Now let’s look at the verb ‘to sit’. Here are some common expressions using this verb combined with particles:
‘to sit around’ means to spend time doing very little.
* They just sit around and do nothing all day.
* We sat around in the hotel until it stopped raining.
‘to sit back’ means to wait for something to happen while deliberately not being involved.
* She just sat back and waited for us to do everything.
* You can’t just sit back and expect me to do everything.
‘to sit down’ means to lower your body into a sitting position.
* We looked for somewhere to sit down.
* She sat down beside me on the sofa and started talking.
‘to sit in on’ something means to be present during a meeting or event but not participate.
* He asked me to sit in on the discussion and report back to him.
* When I was new to the department, I sat in on meetings to learn the procedures.
‘to sit on’ a committee or panel means to be a member.
* As the representative of the personnel, I sat on the board of directors.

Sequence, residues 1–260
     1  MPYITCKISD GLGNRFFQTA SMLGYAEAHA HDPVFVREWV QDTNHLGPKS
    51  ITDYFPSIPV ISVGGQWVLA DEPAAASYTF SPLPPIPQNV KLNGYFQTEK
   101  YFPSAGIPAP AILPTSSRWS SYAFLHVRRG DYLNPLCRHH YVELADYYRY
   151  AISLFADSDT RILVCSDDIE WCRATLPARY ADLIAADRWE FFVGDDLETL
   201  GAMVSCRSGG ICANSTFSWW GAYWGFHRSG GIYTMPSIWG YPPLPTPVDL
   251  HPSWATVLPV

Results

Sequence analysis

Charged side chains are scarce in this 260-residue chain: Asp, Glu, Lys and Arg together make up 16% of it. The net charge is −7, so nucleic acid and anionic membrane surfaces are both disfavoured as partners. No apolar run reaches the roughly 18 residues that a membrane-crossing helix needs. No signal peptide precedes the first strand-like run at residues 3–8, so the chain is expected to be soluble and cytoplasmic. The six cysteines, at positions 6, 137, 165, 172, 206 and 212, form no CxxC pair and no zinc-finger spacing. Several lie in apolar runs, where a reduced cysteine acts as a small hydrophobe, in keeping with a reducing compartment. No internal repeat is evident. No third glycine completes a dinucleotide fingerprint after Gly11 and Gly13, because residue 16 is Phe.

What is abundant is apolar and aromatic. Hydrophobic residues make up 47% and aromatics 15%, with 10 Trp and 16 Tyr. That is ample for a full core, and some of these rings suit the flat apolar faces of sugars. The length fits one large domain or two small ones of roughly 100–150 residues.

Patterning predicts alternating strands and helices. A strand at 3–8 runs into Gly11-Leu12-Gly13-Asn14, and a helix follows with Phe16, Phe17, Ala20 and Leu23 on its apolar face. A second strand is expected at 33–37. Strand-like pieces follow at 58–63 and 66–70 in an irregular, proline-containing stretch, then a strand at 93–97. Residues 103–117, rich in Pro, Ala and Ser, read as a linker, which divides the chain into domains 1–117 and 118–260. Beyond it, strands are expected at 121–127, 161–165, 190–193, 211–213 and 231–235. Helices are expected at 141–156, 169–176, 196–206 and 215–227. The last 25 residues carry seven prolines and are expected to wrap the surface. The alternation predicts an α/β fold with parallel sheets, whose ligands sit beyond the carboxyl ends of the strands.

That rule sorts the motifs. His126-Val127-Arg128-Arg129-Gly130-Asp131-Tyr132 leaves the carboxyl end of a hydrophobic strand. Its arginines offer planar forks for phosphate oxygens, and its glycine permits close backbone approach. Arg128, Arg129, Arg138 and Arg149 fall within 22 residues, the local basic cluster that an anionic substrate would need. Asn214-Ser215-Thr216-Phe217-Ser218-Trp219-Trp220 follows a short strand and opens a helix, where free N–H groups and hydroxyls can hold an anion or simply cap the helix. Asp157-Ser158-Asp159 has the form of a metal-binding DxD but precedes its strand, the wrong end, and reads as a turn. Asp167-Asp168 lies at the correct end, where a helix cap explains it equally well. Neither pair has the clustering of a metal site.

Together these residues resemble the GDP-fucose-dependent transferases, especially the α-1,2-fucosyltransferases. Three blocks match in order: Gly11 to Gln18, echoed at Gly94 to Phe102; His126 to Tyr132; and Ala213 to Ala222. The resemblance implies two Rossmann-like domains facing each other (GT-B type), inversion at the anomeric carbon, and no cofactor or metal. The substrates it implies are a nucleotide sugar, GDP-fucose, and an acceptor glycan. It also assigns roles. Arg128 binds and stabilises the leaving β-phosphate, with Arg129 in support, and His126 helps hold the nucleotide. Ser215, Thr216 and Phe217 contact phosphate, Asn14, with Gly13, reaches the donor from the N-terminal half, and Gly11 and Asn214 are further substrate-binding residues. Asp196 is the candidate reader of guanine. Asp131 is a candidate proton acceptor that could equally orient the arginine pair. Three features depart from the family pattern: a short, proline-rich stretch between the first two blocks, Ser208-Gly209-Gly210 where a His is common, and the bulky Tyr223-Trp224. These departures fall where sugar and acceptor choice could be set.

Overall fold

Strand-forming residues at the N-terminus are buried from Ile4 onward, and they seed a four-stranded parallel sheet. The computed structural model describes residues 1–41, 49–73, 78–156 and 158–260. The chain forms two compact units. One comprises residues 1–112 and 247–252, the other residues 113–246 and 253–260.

* He sat on many committees dealing with education.
‘to sit out’ means to be outside rather than inside.
* While the weather was good, we sat out and had lunch.
* We went to the pub and sat out at the tables in the garden.
‘to sit out’ something means to wait for it to finish.
* His injury meant that he had to sit out the rest of the competition.
* When it started raining, we decided to sit out the storm in the café.
‘to sit over’ someone is to watch them very carefully to check up on them.
* I sat over him and made sure he took his medicine.
* She sat over me until I had finished everything.
‘to sit through’ means to remain until something is finished, especially if it is unpleasant.
* They sat through a very long meeting.
* We had to sit through a very boring lecture before we could go for a drink.
‘to sit up’ means to not go to bed until it very late.
* I sat up and waited for him to come home.
* She sat up all night to finish her project before the deadline.